Abstract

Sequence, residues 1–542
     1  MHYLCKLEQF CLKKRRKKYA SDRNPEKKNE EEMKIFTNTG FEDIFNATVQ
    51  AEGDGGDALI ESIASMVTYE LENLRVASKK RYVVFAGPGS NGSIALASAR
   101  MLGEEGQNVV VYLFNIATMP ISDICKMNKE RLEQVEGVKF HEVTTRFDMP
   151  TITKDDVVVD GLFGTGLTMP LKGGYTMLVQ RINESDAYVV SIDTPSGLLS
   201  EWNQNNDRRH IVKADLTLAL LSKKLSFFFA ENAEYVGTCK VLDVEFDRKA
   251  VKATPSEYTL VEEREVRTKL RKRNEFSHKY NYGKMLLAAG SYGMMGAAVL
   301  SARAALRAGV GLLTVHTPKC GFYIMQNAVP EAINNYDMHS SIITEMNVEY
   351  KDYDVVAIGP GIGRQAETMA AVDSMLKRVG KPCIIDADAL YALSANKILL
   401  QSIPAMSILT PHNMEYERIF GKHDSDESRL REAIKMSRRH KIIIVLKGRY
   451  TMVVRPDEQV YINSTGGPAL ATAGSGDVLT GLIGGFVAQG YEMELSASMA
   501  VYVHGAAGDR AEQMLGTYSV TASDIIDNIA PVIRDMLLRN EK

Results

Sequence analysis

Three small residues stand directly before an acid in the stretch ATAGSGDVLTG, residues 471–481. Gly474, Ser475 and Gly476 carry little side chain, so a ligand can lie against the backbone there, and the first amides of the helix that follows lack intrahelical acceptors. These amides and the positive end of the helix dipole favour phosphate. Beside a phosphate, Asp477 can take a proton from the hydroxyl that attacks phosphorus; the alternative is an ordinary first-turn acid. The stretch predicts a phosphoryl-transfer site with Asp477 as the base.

Young innovative companies are supposed to be key drivers of sustainable economic growth. This study examines the employment growth of young, small innovative firms (denoted as innovative youngsters) and contrasts it with the employment growth of established ‘mature innovators’ in 23 European transition economies, where varying degrees of intellectual property protection apply. The growth figures of the two firm groups vary significantly across different intellectual property rights (IPR) regimes. Innovative youngsters seem to benefit from strong intellectual property protection, while mature innovators exhibit the highest employment growth rates when IPRs are rather weak. These findings point to important undiscovered differences in employment growth patterns, which might explain some of the ambiguous results of former research on IPRs, and provide a reason why certain countries might benefit from strong IPRs while others might not.

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